Prof Karin Hing


Research Overview

Biomedical Materials, Bone graft substitutes, Bone, Biocompatibility, Tissue Engineering, Hydroxyapatite, Orthobiologics and Regenerative Medicine, Mechanobiology


Karin’s main research interests centre on development of novel biomaterials and treatment therapies to promote bone healing through investigation of the mechanisms behind the sensitivity of bone regeneration to the materials characteristics of synthetic bone graft substitute materials. As one of the founding scientists of ApaTech™, this has led to pioneering work on synthetic bone grafts that has been translated into several ranges of novel synthetic graft materials now in global clinical use.  Furthermore, she has led work to develop in vitro models to study the physio-chemical phenomena that control protein adsorption and ion exchange at the graft-bone interface to stimulate bone healing and regeneration. Reflecting her interests in the affect that these phenomena have on both the anabolic and catabolic sides of bone metabolism. Additionally she is also active in the study of tissue healing and regeneration in associated non-calcified musculo-skeletal tissues.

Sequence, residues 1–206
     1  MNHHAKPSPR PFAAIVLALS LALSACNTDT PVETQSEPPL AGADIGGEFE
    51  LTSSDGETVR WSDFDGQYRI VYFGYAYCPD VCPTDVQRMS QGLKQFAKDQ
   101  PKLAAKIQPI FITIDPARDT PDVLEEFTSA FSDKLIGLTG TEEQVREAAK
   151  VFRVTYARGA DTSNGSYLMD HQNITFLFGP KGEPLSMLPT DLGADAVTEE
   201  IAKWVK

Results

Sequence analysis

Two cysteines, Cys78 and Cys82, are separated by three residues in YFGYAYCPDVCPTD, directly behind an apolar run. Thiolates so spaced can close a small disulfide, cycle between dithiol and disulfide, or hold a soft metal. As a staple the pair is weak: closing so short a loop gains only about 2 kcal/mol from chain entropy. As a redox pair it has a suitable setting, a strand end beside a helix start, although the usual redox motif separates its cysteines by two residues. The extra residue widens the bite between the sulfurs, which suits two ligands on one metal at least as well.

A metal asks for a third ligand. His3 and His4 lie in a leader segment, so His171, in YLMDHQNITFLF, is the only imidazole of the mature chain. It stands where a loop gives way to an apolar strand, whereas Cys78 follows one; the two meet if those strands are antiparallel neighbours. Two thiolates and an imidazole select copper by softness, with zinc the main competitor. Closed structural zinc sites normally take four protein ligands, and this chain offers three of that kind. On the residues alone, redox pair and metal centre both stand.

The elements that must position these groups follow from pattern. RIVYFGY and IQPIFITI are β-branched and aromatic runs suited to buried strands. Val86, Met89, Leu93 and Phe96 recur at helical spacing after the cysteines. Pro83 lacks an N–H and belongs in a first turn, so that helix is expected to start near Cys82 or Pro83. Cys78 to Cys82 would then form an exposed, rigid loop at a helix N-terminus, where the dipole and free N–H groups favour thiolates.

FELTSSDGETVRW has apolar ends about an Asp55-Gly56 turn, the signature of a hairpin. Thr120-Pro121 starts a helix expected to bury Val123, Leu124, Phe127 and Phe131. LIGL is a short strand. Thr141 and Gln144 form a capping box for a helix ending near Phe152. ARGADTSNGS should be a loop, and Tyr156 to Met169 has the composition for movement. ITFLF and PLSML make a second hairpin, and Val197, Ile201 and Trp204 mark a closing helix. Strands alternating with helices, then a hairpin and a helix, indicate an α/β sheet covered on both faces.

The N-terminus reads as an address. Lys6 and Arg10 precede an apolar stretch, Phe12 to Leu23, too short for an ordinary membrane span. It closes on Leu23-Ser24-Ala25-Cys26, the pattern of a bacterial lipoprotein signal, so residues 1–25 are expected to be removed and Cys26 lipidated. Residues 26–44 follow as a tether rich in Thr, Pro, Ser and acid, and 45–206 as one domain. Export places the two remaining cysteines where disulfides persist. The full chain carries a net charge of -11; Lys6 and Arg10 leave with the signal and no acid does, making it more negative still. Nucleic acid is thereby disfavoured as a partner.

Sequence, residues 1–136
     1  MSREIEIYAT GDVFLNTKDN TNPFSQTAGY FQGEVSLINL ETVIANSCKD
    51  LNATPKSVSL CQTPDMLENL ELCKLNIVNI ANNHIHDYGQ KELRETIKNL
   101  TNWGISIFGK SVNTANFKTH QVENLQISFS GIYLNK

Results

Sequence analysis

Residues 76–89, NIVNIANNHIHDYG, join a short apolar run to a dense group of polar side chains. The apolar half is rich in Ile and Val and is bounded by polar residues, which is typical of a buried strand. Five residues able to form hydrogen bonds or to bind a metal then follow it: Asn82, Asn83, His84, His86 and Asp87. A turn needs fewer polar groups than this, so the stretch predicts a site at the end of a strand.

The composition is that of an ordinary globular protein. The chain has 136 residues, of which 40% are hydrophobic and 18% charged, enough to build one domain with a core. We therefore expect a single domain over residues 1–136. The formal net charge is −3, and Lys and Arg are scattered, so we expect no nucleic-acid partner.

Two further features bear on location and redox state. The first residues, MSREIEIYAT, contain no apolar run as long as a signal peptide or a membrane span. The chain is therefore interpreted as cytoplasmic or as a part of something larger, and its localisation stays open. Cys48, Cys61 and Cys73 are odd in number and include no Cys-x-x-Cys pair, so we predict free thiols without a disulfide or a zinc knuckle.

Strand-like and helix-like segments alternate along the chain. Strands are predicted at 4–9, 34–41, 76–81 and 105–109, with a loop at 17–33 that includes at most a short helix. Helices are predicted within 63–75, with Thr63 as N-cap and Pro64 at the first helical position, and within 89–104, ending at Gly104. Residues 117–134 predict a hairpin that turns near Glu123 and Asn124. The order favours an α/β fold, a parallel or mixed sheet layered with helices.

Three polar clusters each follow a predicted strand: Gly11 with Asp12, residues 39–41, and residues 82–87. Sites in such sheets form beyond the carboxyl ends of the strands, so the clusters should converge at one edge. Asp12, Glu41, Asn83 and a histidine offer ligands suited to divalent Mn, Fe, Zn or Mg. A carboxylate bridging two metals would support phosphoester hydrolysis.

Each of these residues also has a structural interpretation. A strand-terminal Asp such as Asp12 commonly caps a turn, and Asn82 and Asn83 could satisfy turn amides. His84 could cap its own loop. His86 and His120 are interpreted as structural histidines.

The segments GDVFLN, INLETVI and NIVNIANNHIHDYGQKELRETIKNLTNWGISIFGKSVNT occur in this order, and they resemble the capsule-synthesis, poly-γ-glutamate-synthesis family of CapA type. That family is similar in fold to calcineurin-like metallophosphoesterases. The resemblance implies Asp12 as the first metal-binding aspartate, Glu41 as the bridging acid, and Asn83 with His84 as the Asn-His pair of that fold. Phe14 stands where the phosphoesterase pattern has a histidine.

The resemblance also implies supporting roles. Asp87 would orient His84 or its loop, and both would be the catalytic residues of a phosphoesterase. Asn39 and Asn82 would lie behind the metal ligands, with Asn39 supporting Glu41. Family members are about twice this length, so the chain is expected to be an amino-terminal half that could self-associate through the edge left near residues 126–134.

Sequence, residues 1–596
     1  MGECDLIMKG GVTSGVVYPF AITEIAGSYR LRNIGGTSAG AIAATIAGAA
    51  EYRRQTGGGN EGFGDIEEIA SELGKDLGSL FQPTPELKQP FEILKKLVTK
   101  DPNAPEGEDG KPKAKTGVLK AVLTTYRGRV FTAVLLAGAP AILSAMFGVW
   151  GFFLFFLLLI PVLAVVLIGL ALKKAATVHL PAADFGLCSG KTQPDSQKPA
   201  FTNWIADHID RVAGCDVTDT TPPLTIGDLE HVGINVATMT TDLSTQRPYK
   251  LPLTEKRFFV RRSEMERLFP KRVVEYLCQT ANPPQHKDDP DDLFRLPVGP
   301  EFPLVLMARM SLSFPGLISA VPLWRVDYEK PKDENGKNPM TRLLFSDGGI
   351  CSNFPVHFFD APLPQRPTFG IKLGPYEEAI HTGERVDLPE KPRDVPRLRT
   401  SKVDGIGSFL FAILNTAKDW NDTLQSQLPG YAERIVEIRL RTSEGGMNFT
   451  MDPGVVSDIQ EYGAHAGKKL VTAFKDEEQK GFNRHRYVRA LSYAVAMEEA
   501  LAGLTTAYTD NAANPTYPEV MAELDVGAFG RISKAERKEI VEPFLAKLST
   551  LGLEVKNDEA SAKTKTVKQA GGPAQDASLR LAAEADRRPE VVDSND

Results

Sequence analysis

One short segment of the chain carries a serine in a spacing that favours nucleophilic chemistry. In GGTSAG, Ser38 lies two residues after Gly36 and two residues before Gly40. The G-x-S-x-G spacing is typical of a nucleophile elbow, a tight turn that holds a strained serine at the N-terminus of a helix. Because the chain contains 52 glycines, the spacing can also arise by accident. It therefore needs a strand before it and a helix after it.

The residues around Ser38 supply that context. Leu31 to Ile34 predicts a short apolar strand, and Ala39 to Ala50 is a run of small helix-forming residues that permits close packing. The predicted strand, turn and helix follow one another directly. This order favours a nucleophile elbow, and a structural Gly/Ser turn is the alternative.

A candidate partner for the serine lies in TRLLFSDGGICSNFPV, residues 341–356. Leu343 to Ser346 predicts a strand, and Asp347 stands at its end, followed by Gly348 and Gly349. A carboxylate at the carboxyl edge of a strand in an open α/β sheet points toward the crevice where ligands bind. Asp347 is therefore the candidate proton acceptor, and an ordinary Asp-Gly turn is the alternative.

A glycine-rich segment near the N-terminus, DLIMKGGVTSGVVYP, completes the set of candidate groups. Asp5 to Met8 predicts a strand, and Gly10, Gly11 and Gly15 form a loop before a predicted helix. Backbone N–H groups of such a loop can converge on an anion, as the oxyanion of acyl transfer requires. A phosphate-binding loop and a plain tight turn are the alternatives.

Details on the various research projects undertaken by Karin and her group are included under the 'Funding' and 'Impact' tabs, and in the QMUL Research Highways feature article on the development of Actifuse™ and Inductigraft™/Altapore™ - world leading synthetic bone graft substitutes that have been used to treat 100's of thousands of patients globally to date, and the QMUL news article following the release of a Royal Mail stamp celebrating the bone graft substitute work as one of seven key British Engineering successes in the last 50 years (links below).